Meet Nikki Ferraro, a student at James Madison University in Harrisonburg, VA, who was diagnosed with a rare form of thyroid cancer in the spring of her junior year at Chantilly High School. Soon after her diagnosis and a month before her surgery, Nikki formed the “Bite Me Cancer” Relay for Life team for the Vienna, VA Relay event for the American Cancer Society. She was the top individual fundraiser for that event as well as the #1 online fundraiser for the entire South Atlantic Region (VA, DC, MD, WV, DE, NC, SC, GA) of the American Cancer Society. After that event, Ferraro persuaded her parents to form a non-profit called Bite Me Cancer in September 2010. Ferraro also led a successful Bite Me Cancer Relay for Life team in May of 2011, just before graduation from high school.
WashingtonExec has interviewed Ferraro before (you can see the interview here). We recently had an opportunity to follow up with her about Bite Me Cancer and the progress it has made since.
WashingtonExec: How is your medical situation been going since June 2011?
Nikki Ferraro: I’m doing great! My doctor at Johns Hopkins is an expert with my rare cancer, and even he has been happily amazed that I’m doing so well. I’ve had two recent series of scans, July 2011 and December 2011, and both times there was no new cancer found. A few small suspicious spots have remained stable with no growth since the summer of 2010. Also, two small suspicious spots have shrunk which were being watched for about 18 months (so they aren’t cancer). We have been so happy.
WashingtonExec: How did you feel about going away to college – especially almost 2 hours away from home?
Nikki Ferraro: I begged my parents to let me go to JMU! At first, they wanted me to attend George Mason University because I would be close to my doctors at Johns Hopkins. I was accepted to all the colleges that I applied to, some further away than JMU. I did like GMU, but I told my parents that I wanted to force myself to learn how to take care of myself and my medical condition on my own. Living close to home would have made it too easy to have my parents help me. I’m having a great time at JMU, and I really enjoy being a marketing major.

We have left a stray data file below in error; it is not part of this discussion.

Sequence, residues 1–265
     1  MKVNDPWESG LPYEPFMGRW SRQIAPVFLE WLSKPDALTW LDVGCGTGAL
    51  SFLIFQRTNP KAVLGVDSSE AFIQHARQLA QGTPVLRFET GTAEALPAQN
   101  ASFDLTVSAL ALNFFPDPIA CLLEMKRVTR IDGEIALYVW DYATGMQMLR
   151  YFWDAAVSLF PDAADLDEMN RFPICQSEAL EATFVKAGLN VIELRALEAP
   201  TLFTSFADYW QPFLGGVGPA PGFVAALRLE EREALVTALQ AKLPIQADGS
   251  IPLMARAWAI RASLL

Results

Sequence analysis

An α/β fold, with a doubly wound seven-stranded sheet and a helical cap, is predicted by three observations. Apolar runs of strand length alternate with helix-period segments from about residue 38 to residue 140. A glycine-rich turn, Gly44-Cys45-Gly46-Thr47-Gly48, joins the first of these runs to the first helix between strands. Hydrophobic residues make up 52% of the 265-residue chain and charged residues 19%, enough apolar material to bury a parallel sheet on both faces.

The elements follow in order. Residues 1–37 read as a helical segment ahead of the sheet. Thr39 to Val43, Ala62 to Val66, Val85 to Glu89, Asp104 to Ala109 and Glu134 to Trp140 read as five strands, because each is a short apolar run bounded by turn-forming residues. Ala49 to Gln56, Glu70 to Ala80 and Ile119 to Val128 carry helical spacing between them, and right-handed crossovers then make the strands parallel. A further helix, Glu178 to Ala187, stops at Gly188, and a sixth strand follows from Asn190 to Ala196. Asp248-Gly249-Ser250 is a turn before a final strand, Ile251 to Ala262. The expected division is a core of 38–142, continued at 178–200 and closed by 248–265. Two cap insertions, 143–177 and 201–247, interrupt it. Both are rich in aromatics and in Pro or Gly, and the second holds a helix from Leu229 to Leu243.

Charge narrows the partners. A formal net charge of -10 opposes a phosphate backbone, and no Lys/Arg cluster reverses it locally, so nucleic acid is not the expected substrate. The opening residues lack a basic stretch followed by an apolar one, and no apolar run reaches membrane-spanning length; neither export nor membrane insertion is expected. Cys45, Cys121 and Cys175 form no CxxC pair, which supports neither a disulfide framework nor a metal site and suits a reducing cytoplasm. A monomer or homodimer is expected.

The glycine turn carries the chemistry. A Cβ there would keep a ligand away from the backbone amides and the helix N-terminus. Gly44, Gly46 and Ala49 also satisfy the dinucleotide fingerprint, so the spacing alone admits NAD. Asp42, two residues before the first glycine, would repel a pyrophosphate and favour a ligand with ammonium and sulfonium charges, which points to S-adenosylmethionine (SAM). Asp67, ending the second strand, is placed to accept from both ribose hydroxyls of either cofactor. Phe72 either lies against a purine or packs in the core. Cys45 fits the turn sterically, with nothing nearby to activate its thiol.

WashingtonExec: What is Bite Me Cancer working on these days? Are there 2012 goals?
Nikki Ferraro: We had our 2012 Kick-Off Meeting on January 5, 2012. I announced our new campaign called $50K for 50K. We want to raise $50,000 because, with that amount of money, Bite Me Cancer can sponsor one of the special 2-year new research grants that are focused on new treatment options.
Thyroid cancer is the fastest growing cancer in the country, and there will be over 50,000 people diagnosed with it this year. That’s how I came up with “$50K for 50K” theme. Actually, the night before our kick-off, the American Cancer Society announced their prediction of a very high 17% increase with 56,460 individuals being diagnosed this year. That is way too high, and we want to help figure this cancer out before the numbers reach the hundreds of thousands.
Also, we are developing some activities to focus on early detection and to make people aware of how serious thyroid cancer can be. There are so many variations of this cancer and not many treatment options. Many younger people are being diagnosed with thyroid cancer, and often it has spread outside the thyroid because of late diagnosis.
I really want to help to support teens with cancer in general too. I didn’t find opportunities to talk with other teens with cancer when I was diagnosed. With the Bite Me Cancer attitude, I’d like to help teens be inspired to have a positive attitude and do great things. We are putting some ideas together now for our 2012 projects. We do receive many requests for our Bite Me Cancer wristbands, t-shirts and other items with the logo on it; and I love that teens and even adults want to wear and display the attitude. Our CafePress store helps distribute many of our items which can be found on our homepage.
I’m also hoping that maybe I can even have a foundation fundraising activity at JMU, but we have to investigate the possibilities.
WashingtonExec: Can people still get involved with Bite Me Cancer?
Nikki Ferraro: Definitely! I’m so lucky to have a great board of directors who are so supportive, and we are actually looking for more board members. We also have an advisory council of about 25 people so far who want to help out in a variety of ways, like being on committees, sharing their expertise and/or passion, networking for us, etc. People can email us at email@example.com if they would like to get involved.